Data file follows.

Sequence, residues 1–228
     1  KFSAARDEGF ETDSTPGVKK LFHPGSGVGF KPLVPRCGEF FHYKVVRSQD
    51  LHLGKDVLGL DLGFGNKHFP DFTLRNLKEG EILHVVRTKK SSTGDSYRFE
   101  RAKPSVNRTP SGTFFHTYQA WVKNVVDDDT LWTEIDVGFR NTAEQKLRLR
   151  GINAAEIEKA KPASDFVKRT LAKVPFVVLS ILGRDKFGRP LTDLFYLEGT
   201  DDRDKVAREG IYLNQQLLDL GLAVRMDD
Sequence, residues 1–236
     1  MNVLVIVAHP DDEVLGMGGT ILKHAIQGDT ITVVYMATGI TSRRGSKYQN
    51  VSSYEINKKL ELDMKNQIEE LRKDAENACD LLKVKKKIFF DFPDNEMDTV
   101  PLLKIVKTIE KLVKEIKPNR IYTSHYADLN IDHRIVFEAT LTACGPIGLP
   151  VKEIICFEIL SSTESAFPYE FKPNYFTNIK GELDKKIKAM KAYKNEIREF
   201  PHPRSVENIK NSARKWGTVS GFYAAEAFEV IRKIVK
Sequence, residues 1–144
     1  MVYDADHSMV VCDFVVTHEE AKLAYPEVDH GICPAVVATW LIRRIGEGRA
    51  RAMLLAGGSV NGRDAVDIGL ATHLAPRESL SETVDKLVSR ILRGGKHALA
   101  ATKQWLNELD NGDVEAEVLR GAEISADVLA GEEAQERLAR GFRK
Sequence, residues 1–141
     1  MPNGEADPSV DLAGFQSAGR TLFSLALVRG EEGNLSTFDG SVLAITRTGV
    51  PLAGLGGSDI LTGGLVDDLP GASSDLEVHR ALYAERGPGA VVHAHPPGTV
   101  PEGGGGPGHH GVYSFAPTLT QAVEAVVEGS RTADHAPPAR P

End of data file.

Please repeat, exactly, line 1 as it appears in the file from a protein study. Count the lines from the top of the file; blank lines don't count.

Sequence, residues 1–228